Since leaving office, Moscoso has also served as a member of the Woodrow Wilson International Center for Scholars' Council of Women World Leaders,[34][35] a network intended "to promote good governance and enhance the experience of democracy globally by increasing the number, effectiveness, and visibility of women who lead at the highest levels in their countries."[36]

Honors edit

Foreign honours edit

References edit

  1. ^ East, Roger; Thomas, Richard J. (June 3, 2014). Profiles of People in Power: The World's Government Leaders. Routledge. p. 451. ISBN 978-1-317-63939-8.
  2. ^ a b c d e f g "Mireya Moscoso". Encyclopædia Britannica. Archived from the original on March 13, 2012. Retrieved September 15, 2012.
  3. ^ a b c "Mireya Moscoso de Arias". Centro de Estudios y Documentacion Internacionales de Barcelona. Archived from the original on July 10, 2012. Retrieved December 14, 2012.
  4. ^ Navarro, Mireya (May 4, 1999). "Woman in the News: Mireya Elisa Moscoso; Earnest Icon For Panama". New York Times. Retrieved April 23, 2020.
  5. ^ Harding 2006, p. 66.
  6. ^ a b c d Harding 2006, p. 129.
  7. ^ a b "Awaiting the lady". The Economist. August 28, 1999. Archived from the original on March 7, 2016. Retrieved September 15, 2012.
  8. ^ a b c Mireya Navarro (May 3, 1999). "The Widow of Ex-Leader Wins Race in Panama". The New York Times. Archived from the original on March 5, 2016. Retrieved September 15, 2012.
  9. ^ Howard W. French (February 21, 1994). "Panama Journal; Democracy at Work, Under Shadow of Dictators". The New York Times. Archived from the original on August 8, 2014. Retrieved September 2, 2012.
  10. ^ a b Douglas Farah (May 9, 1994). "Panamanians Vote in Peace, Picking Ex-Aide of Noriega; Millionaire Perez Balladares Bests Widow of Four-Time President". The Washington Post. Archived from the original on March 29, 2015. Retrieved September 2, 2012.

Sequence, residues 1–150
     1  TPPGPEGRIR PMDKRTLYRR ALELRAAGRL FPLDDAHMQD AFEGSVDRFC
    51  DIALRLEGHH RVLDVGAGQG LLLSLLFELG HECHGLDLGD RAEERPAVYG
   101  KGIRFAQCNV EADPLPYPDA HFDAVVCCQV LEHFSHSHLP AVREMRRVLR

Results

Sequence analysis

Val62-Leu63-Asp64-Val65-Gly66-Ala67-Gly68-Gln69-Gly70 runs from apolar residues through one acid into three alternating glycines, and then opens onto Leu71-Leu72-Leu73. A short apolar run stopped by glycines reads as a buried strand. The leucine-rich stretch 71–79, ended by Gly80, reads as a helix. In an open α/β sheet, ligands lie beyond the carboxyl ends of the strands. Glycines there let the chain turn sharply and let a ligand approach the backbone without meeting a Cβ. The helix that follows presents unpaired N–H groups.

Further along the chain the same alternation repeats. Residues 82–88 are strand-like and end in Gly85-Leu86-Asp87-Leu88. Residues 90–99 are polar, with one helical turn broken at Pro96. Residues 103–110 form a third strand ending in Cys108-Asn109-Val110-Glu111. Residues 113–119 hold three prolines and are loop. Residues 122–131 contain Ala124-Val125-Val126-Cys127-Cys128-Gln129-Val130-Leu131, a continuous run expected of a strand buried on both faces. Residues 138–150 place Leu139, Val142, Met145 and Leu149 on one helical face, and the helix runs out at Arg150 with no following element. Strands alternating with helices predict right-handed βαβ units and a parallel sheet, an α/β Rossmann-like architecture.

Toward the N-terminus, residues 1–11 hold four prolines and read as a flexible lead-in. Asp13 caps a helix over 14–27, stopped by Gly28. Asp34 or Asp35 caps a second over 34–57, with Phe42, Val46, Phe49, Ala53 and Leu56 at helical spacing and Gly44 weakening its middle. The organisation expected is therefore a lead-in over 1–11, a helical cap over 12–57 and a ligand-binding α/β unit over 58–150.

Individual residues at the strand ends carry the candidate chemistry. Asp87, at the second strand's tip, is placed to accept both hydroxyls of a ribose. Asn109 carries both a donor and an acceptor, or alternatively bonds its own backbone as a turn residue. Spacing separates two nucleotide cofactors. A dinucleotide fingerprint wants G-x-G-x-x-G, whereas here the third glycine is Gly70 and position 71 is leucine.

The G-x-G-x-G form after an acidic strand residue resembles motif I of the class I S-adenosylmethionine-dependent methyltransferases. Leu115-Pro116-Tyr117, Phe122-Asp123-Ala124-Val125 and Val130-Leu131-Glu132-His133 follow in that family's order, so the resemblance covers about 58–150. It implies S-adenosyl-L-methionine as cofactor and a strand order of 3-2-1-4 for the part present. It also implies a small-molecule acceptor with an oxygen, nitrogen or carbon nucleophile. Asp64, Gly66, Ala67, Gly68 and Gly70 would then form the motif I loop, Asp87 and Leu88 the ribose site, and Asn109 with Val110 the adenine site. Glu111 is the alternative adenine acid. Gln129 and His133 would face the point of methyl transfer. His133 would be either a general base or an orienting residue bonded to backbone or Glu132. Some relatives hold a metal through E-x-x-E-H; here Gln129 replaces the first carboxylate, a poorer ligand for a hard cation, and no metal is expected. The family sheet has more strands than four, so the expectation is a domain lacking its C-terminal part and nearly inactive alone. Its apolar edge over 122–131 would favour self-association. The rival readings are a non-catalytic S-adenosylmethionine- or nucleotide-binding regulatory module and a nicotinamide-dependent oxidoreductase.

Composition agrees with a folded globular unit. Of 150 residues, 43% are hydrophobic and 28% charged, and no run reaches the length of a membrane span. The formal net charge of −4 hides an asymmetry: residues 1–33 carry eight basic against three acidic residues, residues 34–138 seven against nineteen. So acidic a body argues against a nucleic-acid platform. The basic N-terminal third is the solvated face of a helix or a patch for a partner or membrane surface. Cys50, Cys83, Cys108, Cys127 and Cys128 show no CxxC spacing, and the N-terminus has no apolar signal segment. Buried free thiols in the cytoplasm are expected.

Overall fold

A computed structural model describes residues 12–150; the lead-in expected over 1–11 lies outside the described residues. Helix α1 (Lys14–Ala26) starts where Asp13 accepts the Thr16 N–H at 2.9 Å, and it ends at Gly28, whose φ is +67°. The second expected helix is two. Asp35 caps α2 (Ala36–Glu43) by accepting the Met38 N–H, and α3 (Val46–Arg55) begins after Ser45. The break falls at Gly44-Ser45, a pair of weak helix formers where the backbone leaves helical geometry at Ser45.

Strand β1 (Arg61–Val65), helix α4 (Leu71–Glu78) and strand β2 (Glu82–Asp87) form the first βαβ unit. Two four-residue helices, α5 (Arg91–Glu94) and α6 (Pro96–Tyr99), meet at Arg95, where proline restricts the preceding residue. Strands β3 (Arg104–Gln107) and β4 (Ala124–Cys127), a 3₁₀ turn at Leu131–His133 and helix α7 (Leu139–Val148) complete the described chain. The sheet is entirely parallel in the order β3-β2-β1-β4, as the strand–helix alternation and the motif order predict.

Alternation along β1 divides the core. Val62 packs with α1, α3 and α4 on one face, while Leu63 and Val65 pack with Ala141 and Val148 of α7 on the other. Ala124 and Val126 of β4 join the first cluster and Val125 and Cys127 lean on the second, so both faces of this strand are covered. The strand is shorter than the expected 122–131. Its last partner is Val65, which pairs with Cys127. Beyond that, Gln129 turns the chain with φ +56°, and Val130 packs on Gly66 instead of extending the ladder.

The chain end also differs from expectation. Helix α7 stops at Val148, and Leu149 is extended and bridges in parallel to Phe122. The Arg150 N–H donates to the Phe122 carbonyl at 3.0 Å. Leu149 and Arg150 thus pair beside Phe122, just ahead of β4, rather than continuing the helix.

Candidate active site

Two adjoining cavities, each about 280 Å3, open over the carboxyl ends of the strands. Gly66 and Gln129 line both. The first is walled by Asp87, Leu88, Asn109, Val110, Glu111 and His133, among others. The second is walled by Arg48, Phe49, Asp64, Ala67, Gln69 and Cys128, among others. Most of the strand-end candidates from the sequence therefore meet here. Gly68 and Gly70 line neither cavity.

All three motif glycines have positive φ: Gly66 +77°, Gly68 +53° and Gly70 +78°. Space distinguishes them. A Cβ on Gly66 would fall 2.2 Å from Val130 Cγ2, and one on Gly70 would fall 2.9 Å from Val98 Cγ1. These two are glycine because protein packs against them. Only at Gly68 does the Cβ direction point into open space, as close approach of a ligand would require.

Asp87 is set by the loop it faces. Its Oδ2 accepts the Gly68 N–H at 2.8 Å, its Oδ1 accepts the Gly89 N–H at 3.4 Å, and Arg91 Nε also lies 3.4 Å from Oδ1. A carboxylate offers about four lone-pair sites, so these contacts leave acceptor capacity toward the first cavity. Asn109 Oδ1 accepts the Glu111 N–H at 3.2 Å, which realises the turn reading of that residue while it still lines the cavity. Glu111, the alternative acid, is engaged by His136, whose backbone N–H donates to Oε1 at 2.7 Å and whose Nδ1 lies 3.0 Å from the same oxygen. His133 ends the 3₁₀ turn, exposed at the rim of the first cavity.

11. ^ "Panama". University of Missouri-Saint Louis. Archived from the original on October 23, 2012. Retrieved September 2, 2012.
  12. ^ a b Serge F. Kovaleski (May 3, 1999). "Moscoso Is First Woman Elected to Panamanian Presidency". The Washington Post. Archived from the original on April 16, 2017. Retrieved September 15, 2012.
  13. ^ Gonzalez, David (September 2, 1999). "In Panama's New Dawn, Woman Takes Over". New York Times. Retrieved April 23, 2020.
  14. ^ "Ex-First Lady of Panama Sworn In as President". Los Angeles Times. September 2, 1999. Retrieved April 23, 2020.
  15. ^ "Ninth Conference of Spouses of Heads of State and Government of the Americas". Summits of the Americas Secretariat. Archived from the original on December 19, 2012. Retrieved December 14, 2012.
  16. ^ Harding 2006, p. 130.
  17. ^ Mireya-Moscoso, Encyclopædia Britannica, Retrieved July 7, 2007
  18. ^ a b Harding 2006, p. 131.
  19. ^ "Becalmed". The Economist. September 22, 2001. Archived from the original on October 30, 2017. Retrieved September 15, 2012.
  20. ^ a b "Colombia and its neighbours". The Economist. October 7, 2000. Archived from the original on March 15, 2016. Retrieved September 15, 2012.
  21. ^ a b c Harding 2006, p. 134.
  22. ^ "Truth Commission Delivers Its Final Report on Victims of the 1968–1988 Military Regime". NotiCen. May 2, 2002. Archived from the original on September 24, 2015. Retrieved November 4, 2012.